The Coronavirus (CODVID-19) will influence the global economy and most certainly have a significant negative effect on small to medium businesses; Artificial Intelligence will take our jobs; This summers’ fires are just the beginning… From the minute we wake up in the morning, we are inundated with messages of fear! Fear is not good for us, nor for our team. It is the fear that could probably kill our business, not global uncertainty!  

To succeed, business owners and executives must keep optimistic and build an organisational culture that is based on resilience and optimism. Leaders must add these important core skills to their personal tools. 

What’s wrong with fears and pessimism? 

Fear is a chain of reactions in the brain that eventually causes our body to go into a “flight-or-fight” mode as a response to the stress. When we experience fear and stress, one of the cognitive biases we prone to have is the Pessimism Bias. Pessimism bias is when we see things as worse than what they actually are and/or when we exaggerate the likelihood that negative things will happen to us. The pessimism bias affects our emotions, judgement, decisions and behaviours.  

Naturally, we behave differently when we are in stress, bad mood and feel insecure than when we are happy and optimistic. The problem is that moods and pessimism are contagious, especially when they are presented by the leader who sends a message of being out of control. There is evidence that pessimism is a product of social interactions and experience and  spreads across companies very fast. With lack of communication, team members tend to make their own interpretation of what’s going on and from there the road to reduction in productivity and increase in employee turnover is quick as a lighting.  

Leaders are human beings- we all feel fear and uncertainty at times; we all have moods… This is why it is so important to build a culture of optimism and positive thinking that will balance  and help us in bouncing back during difficult times. 

What is culture of optimism? 

While we tend to think about optimism as an individual trait, it can also be considered as a characteristic of the  organisational culture. When working teaching leaders interviewing skills, I always start with the concept of ‘lemons’. ‘Lemons’ for me are those that are constantly pessimistic, bitter, complaining, speak only about problems- never bring solutions and often spend lots of time gossiping around the office. ‘Lemons’ are contagious and if you think that you can make lemonade out of them- think again! It is most likely that they will influence the team and culture than that they will change their nature and become positive thinkers. Admittedly, positive thinking and optimism can be learnt, but you cannot force people into acquiring new soft skills- it needs to derive from them.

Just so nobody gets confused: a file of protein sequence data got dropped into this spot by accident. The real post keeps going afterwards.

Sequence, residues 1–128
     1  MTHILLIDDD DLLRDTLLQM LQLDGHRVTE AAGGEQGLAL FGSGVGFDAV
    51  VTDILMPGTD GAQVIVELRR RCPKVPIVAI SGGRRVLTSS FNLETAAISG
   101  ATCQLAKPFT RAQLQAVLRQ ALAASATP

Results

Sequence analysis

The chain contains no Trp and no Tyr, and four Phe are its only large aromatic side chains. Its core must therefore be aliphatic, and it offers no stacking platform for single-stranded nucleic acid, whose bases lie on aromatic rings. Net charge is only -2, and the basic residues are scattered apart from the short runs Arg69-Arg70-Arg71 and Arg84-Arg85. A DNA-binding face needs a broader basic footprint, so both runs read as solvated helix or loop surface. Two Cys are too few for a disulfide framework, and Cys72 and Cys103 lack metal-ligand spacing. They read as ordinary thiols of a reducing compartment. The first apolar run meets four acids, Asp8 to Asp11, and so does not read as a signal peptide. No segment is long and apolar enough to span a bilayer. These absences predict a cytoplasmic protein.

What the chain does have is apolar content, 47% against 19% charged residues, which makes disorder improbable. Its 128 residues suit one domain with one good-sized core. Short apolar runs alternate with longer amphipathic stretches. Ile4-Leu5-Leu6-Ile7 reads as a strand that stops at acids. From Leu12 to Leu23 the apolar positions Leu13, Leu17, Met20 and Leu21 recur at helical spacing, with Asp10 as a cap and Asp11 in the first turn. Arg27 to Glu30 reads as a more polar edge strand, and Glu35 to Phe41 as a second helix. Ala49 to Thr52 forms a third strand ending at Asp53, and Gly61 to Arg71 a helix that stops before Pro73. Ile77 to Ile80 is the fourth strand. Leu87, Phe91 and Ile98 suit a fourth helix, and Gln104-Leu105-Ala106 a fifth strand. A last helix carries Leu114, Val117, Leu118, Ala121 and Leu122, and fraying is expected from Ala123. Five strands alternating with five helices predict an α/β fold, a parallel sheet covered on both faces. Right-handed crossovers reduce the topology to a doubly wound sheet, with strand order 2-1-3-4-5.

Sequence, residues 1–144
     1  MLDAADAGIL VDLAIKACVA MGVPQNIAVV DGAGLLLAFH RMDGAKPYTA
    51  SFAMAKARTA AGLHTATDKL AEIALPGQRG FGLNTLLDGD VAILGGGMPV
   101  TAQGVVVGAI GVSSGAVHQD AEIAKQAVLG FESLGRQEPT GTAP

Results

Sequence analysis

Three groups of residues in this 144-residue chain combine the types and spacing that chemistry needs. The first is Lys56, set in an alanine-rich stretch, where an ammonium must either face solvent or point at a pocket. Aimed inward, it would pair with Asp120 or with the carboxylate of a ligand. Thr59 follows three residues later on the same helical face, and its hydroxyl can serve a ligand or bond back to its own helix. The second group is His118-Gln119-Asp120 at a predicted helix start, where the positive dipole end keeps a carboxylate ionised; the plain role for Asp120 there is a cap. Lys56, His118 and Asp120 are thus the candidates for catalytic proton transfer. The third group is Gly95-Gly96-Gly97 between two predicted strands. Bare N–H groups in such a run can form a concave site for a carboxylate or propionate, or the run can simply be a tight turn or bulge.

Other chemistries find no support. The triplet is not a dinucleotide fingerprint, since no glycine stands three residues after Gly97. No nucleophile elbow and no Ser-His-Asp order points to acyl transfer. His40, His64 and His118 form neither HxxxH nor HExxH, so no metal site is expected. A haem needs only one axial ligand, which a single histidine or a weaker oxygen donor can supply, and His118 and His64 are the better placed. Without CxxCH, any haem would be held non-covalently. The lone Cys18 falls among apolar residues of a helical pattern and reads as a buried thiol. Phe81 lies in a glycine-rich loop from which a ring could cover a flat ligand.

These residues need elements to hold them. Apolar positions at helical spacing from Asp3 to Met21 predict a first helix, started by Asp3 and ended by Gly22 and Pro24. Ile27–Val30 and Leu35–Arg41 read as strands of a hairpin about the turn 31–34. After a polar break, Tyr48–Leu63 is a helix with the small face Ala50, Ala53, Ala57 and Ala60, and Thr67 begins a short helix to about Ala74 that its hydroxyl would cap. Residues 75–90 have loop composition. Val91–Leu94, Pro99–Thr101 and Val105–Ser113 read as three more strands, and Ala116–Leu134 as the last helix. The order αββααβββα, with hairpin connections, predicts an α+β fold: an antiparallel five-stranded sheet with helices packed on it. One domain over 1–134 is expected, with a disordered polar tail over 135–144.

For the individual, optimism is the characteristic in the basis of positive thinking. For organisations, having a culture that is based on optimism is a powerful indicator for business success. Optimism culture means that individuals have a positive attitude towards the future of the company and their employment, which leads to high productivity. Optimism is also associated with  high levels of career planning, achieving career goals and developing resilience- the capacity to bounce back in the face of adversity.  

Tips to developing a culture with optimism 

  • Communication– develop open, transparent and positive communication across the company. Team members need to know what is happening in the business- the good and the bad. However, while there are always risks and threats, do not focus only on what’s going wrong. Include messages about stability and show that you and the leadership team are in control; there is a plan to tackle the issue, it is just another natural bump on the way. 
  • Innovation– develop an innovation culture by encouraging every team member (regardless of role and seniority) to come up with initiatives to improve processes, products and services and allow team members to try new ideas (even if they ‘fail’). Reward both failure and success, as they are crucial for learning. 
  • Learning– shift the focus from failure vs. success to an ongoing learning organisation. Implement project reflections and retrospectives to learn what the team have done well and what the team needs to do differently next time. There are methods you can use that focus the discussion on future learning; short sessions of up to 15-30 minutes. 
  • HighPerforming teams– shift the focus from hiring individuals that know how to perform certain technical tasks to building a team of people that complement each other (both hard and soft skills). Reward teamwork and collaboration, rather than individual KPIs. 
  • Complement leadership– surround yourself with leaders that complement your knowledge and soft skills and balance your emotions and cognitive biases. 
  • Celebrate success– shift the focus from what is going wrong to acknowledging success and how you and the team got there. 

DifferenThinking, speciliases in people, culture, leadership, ethics and decision making has developed a unique set of applied templates, tools and programs that have been successfully and commercially implemented in numerus small to medium organisations in Australia and overseas.  

If you feel that your organisation is influenced by fear and uncertainty, we would encourage you to reach out to us for a compendial conversation and to explore ways we can assist you and your company transform into one that is focused on positive and optimism.